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This study was conducted to determine if the biology of certain ticks associated with horses regulates the spatial and temporal distribution of equine granulocytic ehrlichiosis (EGE) in California north of Monterey County. We compared the spatial and temporal distribution of EGE cases with the seasons of activity and life histories of ticks that infest horses. Spatially, cases collected from equine veterinarians clustered around each other in a manner different from the way in which control cities of practice were distributed, with foci limited to the Sierra Nevada and coastal foothills. Cases also clustered seasonally; most were diagnosed between November and April. The spatial and temporal pattern of EGE cases closely parallels the well-characterized life history and distribution of Ixodes pacificus Cooley & Kohls, but not other ticks commonly associated with horses. Building on previous studies, there is compelling evidence that this tick has the vectorial capacity to transmit Ehrlichia equi to horses. Based on the life history and distribution of I. pacificus in relation to EGE cases, we reason that this tick is the only biologically plausible vector of E. equi in California, and provide evidence for a tightly linked association between I. pacificus and the epidemiology of EGE.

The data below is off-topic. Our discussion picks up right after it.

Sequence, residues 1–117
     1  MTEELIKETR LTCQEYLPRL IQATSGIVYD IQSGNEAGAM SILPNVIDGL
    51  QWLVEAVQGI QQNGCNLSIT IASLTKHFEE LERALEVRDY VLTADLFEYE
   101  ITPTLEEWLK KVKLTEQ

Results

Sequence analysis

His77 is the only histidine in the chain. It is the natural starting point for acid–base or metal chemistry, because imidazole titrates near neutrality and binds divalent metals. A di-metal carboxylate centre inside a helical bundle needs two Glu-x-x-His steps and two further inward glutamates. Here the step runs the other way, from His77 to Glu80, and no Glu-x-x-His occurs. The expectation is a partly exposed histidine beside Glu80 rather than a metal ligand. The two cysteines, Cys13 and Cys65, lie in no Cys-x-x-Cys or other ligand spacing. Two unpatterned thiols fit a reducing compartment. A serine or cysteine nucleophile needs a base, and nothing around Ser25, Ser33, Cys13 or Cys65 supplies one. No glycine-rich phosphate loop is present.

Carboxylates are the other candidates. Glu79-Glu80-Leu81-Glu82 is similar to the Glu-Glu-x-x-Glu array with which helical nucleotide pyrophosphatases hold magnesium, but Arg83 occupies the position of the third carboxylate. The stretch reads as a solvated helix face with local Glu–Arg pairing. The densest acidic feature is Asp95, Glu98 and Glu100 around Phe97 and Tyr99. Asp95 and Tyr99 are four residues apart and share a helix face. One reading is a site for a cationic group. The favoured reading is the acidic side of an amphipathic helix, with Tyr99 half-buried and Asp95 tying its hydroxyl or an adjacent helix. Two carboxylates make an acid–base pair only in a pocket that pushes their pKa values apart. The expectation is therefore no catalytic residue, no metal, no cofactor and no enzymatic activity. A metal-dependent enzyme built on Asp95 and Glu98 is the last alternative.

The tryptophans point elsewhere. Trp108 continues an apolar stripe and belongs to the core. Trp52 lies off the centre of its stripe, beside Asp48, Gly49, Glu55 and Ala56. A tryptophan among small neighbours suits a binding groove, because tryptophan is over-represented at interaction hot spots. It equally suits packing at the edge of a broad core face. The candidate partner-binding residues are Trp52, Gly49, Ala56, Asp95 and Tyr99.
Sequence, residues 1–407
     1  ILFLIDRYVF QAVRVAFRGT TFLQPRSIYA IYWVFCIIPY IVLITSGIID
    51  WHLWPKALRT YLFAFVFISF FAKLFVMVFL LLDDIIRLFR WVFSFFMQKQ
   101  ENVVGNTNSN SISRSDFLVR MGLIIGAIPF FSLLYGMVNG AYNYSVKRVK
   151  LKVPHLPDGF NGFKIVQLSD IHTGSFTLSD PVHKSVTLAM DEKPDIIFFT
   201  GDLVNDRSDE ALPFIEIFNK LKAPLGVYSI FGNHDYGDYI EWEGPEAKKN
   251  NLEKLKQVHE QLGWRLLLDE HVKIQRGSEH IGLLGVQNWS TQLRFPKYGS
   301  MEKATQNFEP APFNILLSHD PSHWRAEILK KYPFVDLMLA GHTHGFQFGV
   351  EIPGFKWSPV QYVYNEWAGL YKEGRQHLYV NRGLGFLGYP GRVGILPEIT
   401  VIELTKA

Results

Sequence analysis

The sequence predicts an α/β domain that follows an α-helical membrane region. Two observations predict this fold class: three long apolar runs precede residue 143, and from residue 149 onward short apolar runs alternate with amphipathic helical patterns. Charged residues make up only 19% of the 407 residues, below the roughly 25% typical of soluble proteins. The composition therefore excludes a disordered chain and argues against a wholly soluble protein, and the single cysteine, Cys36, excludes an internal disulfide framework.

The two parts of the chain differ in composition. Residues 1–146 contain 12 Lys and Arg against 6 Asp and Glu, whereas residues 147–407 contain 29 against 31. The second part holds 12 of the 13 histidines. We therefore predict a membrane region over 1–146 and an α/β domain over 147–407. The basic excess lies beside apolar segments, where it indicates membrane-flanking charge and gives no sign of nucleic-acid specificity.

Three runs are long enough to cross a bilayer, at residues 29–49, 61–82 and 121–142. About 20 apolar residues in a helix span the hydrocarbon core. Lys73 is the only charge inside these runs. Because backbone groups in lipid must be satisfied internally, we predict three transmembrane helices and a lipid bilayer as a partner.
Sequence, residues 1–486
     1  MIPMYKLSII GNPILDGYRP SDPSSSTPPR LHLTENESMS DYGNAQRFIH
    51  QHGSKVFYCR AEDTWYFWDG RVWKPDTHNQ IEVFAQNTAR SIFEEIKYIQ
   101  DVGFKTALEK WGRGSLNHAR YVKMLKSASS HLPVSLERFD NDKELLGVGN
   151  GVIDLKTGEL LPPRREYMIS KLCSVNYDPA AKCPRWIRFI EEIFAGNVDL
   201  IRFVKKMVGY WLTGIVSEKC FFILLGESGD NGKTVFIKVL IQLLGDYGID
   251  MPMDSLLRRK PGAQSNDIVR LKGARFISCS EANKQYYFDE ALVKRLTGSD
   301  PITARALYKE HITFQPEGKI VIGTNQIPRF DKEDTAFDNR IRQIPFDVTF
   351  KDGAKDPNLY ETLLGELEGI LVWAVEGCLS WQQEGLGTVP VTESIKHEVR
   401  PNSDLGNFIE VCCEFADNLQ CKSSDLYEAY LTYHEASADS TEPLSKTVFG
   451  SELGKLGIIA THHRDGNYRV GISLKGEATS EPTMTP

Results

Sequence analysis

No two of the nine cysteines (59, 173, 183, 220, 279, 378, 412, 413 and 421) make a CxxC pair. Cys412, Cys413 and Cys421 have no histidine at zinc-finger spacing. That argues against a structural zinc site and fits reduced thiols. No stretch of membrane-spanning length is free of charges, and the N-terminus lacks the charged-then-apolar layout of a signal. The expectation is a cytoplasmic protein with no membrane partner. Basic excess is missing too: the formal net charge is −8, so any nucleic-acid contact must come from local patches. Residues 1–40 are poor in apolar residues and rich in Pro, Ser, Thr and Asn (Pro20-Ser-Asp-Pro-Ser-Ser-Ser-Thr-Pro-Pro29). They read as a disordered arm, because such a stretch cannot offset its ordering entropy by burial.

Journal of Medical Entomology is published bimonthly in January, March, May, July, September, and November. The journal publishes reports on all phases of medical entomology and medical acarology, including the systematics and biology of insects, acarines, and other arthropods of public health and veterinary significance. The journal is divided into the following sections: Morphology, Systematics, Evolution; Sampling, Distribution, Dispersal; Development, Life History; Population and Community Ecology; Behavior, Chemical Ecology; Population Biology/Genetics; Molecular Biology/Genomics; Neurobiology, Physiology, Biochemistry; Vector Control, Pest Management, Resistance, Repellents; Arthropod/Host Interaction, Immunity; Vector/Pathogen/Host Interaction, Transmission; Vector-Borne Diseases, Surveillance, Prevention; Direct Injury, Myiasis, Forensics; Modeling/GIS, Risk Assessment, Economic Impact. In addition to full-length research articles, the journal publishes interpretive articles in a Forum section, Short Communications, Rapid Communications, and Book Reviews.